annette king

Passion, courage and a steely competitive edge: how Annette King is building Publicis Groupe UK

Three years in and the chief of Publicis Groupe UK is as hungry as ever

By Claire Beale

Annette King is the most powerful woman in British advertising right now.

Scrap that. She’s the most powerful person in British advertising right now, at least if you discount the global set.

It's three years since Publicis Groupe’s CEO Arthur Sadoun snatched her from the Ogilvy womb to take on the newly created role of UK country manager, lassoing all of the PG agency brands (including Leo Burnett, Saatchi & Saatchi, Publicis.Poke, Zenith and Starcom) into her control.

What a time to be carrying the weight of that challenge, when the industry is at such a vital moment of reset, when clients are rebuilding, when confidence is growing but uncertainty lingers. And when clear, decisive, ambitious and empathetic leadership has never been more called for. So 36 months into her reign - and having spent half of that time navigating the pandemic - how is King squaring up to that challenge?

One eloquent answer to that question came this week when Publicis Groupe UK unveiled an industry-leading set of “family-friendly” policies as part of its programme of initiatives aimed at creating a more inclusive workplace. The new policies include increasing full-pay maternity leave from 16 weeks to 26 weeks, with adoption leave, surrogacy leave and shared parental leave also all now set at 26 weeks full pay, while second parent leave increases from two to four weeks on full pay.

Under King's watch the UK Groupe has also introduced a Behavioural Charter setting out the inclusive behaviour expected from all staff, a Headline service to support mental wellness, a flexible working framework and a menopause policy.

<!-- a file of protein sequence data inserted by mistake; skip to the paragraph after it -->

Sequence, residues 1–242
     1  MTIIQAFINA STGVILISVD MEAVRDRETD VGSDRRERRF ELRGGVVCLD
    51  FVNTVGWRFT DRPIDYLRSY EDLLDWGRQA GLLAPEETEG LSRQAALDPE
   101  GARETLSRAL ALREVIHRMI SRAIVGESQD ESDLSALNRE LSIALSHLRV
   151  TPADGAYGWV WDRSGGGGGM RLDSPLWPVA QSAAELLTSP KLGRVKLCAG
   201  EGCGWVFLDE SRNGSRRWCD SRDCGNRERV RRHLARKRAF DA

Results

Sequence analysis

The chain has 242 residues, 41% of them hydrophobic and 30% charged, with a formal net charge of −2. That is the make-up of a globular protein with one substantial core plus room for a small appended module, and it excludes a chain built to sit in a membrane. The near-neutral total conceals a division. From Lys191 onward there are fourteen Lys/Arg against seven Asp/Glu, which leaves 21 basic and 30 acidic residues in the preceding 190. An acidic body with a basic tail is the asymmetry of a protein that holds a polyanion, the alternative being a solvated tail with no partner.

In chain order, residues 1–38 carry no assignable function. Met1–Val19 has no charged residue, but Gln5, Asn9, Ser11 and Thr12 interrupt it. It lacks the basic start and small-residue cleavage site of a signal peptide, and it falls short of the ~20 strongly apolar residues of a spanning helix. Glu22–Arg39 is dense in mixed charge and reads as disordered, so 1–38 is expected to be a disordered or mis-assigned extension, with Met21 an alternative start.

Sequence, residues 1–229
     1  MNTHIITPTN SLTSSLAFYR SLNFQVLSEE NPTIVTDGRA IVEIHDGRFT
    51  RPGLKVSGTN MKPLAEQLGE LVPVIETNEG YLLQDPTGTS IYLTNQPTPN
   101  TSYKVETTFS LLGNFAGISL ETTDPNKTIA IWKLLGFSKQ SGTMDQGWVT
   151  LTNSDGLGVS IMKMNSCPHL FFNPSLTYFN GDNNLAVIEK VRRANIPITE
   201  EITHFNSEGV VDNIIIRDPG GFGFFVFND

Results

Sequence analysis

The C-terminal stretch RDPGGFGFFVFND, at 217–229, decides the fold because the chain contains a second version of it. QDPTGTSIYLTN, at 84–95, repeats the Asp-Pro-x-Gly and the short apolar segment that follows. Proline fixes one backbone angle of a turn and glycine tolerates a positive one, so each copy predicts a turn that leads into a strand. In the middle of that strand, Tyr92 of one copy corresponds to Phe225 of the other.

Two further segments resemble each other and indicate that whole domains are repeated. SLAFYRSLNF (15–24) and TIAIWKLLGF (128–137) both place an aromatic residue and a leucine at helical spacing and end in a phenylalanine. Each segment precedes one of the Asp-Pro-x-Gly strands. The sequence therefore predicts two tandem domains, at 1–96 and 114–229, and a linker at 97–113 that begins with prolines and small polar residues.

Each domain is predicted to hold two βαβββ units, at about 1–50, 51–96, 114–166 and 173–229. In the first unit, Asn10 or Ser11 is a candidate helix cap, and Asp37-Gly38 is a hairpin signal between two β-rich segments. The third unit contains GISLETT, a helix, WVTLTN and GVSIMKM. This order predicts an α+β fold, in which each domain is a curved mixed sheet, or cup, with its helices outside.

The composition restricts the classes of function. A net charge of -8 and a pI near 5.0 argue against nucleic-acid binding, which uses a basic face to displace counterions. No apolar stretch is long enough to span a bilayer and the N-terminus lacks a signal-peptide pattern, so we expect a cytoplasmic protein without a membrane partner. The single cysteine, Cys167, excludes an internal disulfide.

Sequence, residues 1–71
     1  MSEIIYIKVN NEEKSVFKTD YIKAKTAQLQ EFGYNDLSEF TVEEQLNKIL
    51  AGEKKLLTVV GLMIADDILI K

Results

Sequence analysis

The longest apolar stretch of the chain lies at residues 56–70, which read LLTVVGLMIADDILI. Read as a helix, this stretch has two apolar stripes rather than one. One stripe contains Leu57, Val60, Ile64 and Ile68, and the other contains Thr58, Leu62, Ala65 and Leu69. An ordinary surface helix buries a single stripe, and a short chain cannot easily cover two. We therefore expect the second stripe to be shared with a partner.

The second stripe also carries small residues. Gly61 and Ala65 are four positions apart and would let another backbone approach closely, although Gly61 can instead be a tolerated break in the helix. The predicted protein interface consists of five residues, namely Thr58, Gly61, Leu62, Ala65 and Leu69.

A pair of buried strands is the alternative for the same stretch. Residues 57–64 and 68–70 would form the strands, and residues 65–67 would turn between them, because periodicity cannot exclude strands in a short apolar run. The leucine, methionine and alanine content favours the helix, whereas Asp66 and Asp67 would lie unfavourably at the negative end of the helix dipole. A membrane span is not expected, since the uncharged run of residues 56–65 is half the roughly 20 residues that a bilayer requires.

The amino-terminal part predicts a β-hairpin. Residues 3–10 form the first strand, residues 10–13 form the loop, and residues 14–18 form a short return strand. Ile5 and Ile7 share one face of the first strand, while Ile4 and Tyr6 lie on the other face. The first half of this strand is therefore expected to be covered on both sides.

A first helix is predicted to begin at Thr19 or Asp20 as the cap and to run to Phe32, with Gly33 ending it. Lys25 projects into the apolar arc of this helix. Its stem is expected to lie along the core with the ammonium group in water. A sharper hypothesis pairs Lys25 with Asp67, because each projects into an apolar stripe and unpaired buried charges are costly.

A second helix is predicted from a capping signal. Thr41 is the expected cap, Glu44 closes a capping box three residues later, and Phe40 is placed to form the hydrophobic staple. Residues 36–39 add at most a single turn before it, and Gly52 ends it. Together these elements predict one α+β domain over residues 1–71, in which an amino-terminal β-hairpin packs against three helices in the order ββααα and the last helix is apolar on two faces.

These vital reforms were overdue but almost certainly wouldn’t have happened at scale or pace without King to drive them through. And though they won’t silence those observers who say she hasn’t yet pulled off that mega new business win that will secure her legacy, they are winning over talent and driving a more collegiate sentiment, so necessary for commercial success.

When I think of Annette King I picture her teeth-gritted, sleeves rolled (in spirit, if not fact), eyes narrowing as she takes competitive aim. She is an instinctive leader and - when it comes to chasing business growth - a scrapper who thrives on the scent of commercial battle. She cares to her core about winning for her team and for her company.

That certainly makes her demanding; she loves the business and is always all-in. And she expects the same from the senior people around her. But she’s also got real capacity for kindness, thoughtfulness, supportiveness. And fun. She’s a fiercely loyal colleague/friend to fiercely loyal colleagues/friends. And she’s a good sport.

“This business is tough, right? But there’s always something you can find to laugh about,” she laughs.

King worked her way to the top of her industry by determination, passion and wiles rather than being carried there on the public school connections and boys-club politics of the era. The grit that got her there still bites - particularly when she is squaring up to the competition or feels someone is not playing for the team - but she’s also matured into an empathetic, intuitive and hugely impressive leader. Sadoun, who says he’d been trying to persuade King to join Publicis for years before she finally said yes, describes her as “an exceptional leader, driven, courageous, full of humanity, and she is passionate about people and the product”.

I ask her if it’s important to her - as a successful woman - to be a role model for women coming up behind her. ‘My position on this has been consistent over the years,” she says thoughtfully. “I hope I’m a role model for people. And that absolutely of course includes women, it includes people from all walks of life."

"To be a role model for anyone is an honour and a privilege. I am female, and so if I can help females then I do. But why can’t a man learn from me? I mentor quite a few people every week, I really enjoy it and most importantly I hope I’m helping them. But my aim is to try to be a role model for everyone. I’m a fair-ist.”